Teamsters Lose Jobs when UAW Signs Sweetheart Deal
More than 100 Teamster drivers in Louisville, Kentucky, lost their jobs when employers colluded with a United Auto Workers local to oust them and sign a sweetheart deal.
The National Labor Relations Board has taken unusual emergency action in the case. Instead of following the usual channels that take months or years, the NLRB filed for an injunction in federal court August 1. The Board says the employer should rehire the Teamsters and bargain a contract with their union, Local 89.
Employees of Jack Cooper Transport had driven newly assembled SUVs from Ford’s Louisville plant to staging areas near the factory. In February, Ford cancelled its contract with Cooper and awarded the work to Voith Industrial Services. Then, in a pre-arranged deal, Voith signed a cheap contract with UAW Local 862, which also represents the Ford workers.
To make sure this deal wouldn’t be rejected by the carhaulers, Voith refused to hire the experienced Teamsters, except for a token few. Instead management brought in new hires and told them they would be UAW members.
Teamsters Local 89 went to the NLRB and on July 22, took out two full-page ads in the Louisville Courier Journal, calling on UAW members to ask their union to stop its collusion in corporate union-busting.
Local 89 mailed a packet of information to every Teamster local, seeking support. Fred Zuckerman, who heads the local, said it was getting no help from the international.
Why No Support?
Teamsters President James Hoffa is a friend of UAW President Bob King. Why hasn’t Hoffa asked King to withdraw from the cheap contract deal and settle with the NLRB?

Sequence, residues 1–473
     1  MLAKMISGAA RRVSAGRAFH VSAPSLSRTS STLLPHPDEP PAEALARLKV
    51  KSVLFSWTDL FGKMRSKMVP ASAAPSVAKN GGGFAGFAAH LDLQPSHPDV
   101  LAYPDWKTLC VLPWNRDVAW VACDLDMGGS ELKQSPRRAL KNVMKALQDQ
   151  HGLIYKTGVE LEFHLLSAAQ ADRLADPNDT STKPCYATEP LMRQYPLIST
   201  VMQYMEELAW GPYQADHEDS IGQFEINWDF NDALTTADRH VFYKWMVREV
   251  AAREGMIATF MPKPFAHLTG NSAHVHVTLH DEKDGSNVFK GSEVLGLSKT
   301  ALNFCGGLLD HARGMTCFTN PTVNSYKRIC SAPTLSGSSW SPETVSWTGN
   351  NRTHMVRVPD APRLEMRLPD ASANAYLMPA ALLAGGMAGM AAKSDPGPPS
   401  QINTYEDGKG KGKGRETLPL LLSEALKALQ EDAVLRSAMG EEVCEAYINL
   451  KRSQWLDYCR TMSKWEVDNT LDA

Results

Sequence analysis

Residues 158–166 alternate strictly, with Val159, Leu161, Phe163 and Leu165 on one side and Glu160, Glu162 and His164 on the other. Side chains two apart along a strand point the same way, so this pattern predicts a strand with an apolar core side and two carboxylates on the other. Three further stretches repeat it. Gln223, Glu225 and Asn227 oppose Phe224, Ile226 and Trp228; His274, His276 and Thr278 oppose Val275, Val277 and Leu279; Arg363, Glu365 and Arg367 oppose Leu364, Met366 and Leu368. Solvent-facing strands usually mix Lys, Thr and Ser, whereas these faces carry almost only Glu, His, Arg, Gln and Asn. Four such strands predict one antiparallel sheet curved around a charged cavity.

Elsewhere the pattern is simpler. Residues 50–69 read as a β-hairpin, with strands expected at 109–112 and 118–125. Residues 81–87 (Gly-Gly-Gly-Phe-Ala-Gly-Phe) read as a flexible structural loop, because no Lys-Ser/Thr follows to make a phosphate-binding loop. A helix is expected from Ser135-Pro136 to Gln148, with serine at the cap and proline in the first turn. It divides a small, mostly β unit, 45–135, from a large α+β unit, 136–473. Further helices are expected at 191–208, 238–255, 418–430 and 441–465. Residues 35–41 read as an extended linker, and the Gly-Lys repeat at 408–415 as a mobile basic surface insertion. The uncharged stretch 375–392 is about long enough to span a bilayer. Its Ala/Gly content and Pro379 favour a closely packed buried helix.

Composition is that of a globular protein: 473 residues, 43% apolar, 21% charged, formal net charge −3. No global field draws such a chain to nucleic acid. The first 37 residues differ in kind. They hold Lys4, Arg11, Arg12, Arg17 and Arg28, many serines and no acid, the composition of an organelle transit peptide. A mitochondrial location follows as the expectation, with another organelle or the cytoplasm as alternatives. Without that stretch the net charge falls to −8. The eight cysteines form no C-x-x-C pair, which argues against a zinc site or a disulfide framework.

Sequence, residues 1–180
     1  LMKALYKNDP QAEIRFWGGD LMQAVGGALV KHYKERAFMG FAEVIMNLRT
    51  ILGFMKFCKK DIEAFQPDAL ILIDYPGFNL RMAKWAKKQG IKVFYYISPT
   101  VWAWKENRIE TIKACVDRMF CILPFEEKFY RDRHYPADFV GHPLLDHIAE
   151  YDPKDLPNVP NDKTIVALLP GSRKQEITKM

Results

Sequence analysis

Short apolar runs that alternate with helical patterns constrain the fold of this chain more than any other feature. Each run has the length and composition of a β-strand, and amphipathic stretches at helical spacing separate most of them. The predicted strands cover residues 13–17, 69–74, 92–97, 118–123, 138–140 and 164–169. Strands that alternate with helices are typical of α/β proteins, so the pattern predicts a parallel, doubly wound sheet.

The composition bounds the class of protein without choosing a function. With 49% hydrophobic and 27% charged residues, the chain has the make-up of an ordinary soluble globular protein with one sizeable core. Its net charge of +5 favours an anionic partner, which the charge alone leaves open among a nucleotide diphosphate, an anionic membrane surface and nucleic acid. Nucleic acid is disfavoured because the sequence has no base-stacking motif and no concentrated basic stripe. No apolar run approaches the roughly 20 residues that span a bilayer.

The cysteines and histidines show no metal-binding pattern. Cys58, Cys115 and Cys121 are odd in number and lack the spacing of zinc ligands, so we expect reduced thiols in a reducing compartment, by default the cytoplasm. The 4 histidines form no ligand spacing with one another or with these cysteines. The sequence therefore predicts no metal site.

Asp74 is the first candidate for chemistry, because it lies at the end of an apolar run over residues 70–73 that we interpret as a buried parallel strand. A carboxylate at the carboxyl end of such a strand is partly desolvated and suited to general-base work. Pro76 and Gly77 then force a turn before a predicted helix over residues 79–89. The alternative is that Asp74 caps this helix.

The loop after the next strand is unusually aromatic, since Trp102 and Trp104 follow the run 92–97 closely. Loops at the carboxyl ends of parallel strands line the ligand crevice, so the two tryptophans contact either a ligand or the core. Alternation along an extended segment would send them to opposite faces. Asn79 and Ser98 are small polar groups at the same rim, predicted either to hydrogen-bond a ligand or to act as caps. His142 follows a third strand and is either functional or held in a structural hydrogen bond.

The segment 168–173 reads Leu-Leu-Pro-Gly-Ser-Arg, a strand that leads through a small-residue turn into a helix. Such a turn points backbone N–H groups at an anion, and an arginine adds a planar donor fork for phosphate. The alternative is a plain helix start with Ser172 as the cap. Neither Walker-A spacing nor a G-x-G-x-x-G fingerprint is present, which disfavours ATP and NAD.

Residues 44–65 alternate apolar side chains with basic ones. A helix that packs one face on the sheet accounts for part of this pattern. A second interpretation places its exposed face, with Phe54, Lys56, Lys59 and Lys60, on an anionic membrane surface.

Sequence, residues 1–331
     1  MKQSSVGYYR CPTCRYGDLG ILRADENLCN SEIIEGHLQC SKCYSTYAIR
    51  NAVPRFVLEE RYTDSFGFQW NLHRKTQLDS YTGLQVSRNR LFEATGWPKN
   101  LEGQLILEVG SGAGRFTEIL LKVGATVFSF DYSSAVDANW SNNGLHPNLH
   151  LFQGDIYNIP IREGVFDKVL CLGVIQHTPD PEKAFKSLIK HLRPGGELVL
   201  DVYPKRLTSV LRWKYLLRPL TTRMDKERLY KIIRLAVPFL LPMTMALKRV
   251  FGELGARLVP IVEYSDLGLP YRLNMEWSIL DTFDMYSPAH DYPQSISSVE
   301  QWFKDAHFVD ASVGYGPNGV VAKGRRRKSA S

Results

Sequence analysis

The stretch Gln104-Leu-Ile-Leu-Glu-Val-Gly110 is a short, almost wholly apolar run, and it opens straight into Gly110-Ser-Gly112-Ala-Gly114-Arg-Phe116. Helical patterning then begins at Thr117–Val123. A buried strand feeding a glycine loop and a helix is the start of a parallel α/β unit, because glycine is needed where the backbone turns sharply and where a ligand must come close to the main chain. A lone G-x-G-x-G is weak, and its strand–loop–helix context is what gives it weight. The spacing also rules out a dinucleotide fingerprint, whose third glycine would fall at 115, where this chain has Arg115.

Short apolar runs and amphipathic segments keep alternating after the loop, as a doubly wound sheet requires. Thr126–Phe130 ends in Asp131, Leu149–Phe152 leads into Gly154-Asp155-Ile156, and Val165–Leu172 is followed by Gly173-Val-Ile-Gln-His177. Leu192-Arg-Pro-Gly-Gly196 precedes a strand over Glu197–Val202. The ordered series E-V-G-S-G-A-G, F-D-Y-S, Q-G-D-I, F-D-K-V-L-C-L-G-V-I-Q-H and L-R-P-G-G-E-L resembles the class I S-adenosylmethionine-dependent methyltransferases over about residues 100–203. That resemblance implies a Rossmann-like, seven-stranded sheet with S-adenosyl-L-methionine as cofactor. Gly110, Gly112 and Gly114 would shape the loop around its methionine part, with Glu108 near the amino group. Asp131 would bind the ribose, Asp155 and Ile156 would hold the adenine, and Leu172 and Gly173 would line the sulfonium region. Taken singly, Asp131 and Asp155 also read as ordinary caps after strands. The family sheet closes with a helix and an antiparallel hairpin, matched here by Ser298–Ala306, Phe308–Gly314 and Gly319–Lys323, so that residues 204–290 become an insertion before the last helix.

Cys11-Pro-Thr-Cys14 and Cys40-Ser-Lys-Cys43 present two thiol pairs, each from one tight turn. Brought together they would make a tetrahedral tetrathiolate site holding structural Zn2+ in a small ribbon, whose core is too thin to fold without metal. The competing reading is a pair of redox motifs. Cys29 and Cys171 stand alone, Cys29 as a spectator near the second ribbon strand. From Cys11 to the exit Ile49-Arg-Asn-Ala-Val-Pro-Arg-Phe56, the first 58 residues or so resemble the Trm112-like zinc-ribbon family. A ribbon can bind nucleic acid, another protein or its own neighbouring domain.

Teamster carhaulers have three answers to this question.
One, the international is ready to write off carhaulers. They tend to vote for the opposition, and carhaulers have a history of rejecting concessions.
Two, Hoffa won’t help Local 89 because Zuckerman ran on an opposition slate last year. Hoffa removed him as carhaul director after the election.
Three, Hoffa’s current carhaul director allowed Voith to pull the same deal last year at another Ford plant, in Wayne, Michigan. There the Jack Cooper yard workers lost jobs, and now UAW members do the work under a cheaper contract. It would be embarrassing if the Kentucky Teamsters won on the issue, after the Michigan local gave it away without a fight.
Attorney Barbara Harvey, after reading the NLRB’s motion for a rare 10(j) injunction against Voith and the UAW, said that Voith’s collusion with a union to form a tame union was “quite flagrant. They seemed to have been proceeding on the premise that there is no law.”
UAW officials in charge did not return calls seeking comment.
Voith already employs low-wage workers inside the Louisville Ford plant, doing janitorial work that used to be done by UAW members who had high seniority and needed to get off the assembly line. The Voith workers also belong to Local 862.
Ken Paff is national organizer of Teamsters for a Democratic Union. Jane Slaughter contributed to this article.